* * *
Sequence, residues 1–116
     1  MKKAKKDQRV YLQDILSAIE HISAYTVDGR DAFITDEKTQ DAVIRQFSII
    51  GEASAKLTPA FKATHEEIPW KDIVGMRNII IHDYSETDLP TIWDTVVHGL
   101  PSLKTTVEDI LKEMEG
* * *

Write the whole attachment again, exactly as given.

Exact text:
Sequence, residues 1–116
     1  MKKAKKDQRV YLQDILSAIE HISAYTVDGR DAFITDEKTQ DAVIRQFSII
    51  GEASAKLTPA FKATHEEIPW KDIVGMRNII IHDYSETDLP TIWDTVVHGL
   101  PSLKTTVEDI LKEMEG